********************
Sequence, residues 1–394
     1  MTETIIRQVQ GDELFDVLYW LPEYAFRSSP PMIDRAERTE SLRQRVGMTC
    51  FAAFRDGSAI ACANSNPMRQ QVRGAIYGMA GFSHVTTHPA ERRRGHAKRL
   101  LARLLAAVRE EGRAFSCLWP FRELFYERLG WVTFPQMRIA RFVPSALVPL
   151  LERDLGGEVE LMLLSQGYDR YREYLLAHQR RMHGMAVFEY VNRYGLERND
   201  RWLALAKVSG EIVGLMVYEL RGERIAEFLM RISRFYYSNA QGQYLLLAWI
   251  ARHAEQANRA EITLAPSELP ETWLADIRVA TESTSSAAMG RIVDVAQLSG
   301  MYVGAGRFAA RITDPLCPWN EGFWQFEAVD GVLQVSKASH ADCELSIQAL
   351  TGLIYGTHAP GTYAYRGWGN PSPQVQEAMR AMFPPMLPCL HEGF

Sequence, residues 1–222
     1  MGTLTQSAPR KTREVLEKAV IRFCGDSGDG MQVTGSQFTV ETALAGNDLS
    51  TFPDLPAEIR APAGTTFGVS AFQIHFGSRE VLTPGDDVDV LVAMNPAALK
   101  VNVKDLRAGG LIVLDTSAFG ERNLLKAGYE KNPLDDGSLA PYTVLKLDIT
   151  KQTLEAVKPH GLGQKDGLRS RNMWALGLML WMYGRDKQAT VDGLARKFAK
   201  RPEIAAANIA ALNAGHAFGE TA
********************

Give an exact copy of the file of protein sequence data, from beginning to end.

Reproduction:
Sequence, residues 1–394
     1  MTETIIRQVQ GDELFDVLYW LPEYAFRSSP PMIDRAERTE SLRQRVGMTC
    51  FAAFRDGSAI ACANSNPMRQ QVRGAIYGMA GFSHVTTHPA ERRRGHAKRL
   101  LARLLAAVRE EGRAFSCLWP FRELFYERLG WVTFPQMRIA RFVPSALVPL
   151  LERDLGGEVE LMLLSQGYDR YREYLLAHQR RMHGMAVFEY VNRYGLERND
   201  RWLALAKVSG EIVGLMVYEL RGERIAEFLM RISRFYYSNA QGQYLLLAWI
   251  ARHAEQANRA EITLAPSELP ETWLADIRVA TESTSSAAMG RIVDVAQLSG
   301  MYVGAGRFAA RITDPLCPWN EGFWQFEAVD GVLQVSKASH ADCELSIQAL
   351  TGLIYGTHAP GTYAYRGWGN PSPQVQEAMR AMFPPMLPCL HEGF

Sequence, residues 1–222
     1  MGTLTQSAPR KTREVLEKAV IRFCGDSGDG MQVTGSQFTV ETALAGNDLS
    51  TFPDLPAEIR APAGTTFGVS AFQIHFGSRE VLTPGDDVDV LVAMNPAALK
   101  VNVKDLRAGG LIVLDTSAFG ERNLLKAGYE KNPLDDGSLA PYTVLKLDIT
   151  KQTLEAVKPH GLGQKDGLRS RNMWALGLML WMYGRDKQAT VDGLARKFAK
   201  RPEIAAANIA ALNAGHAFGE TA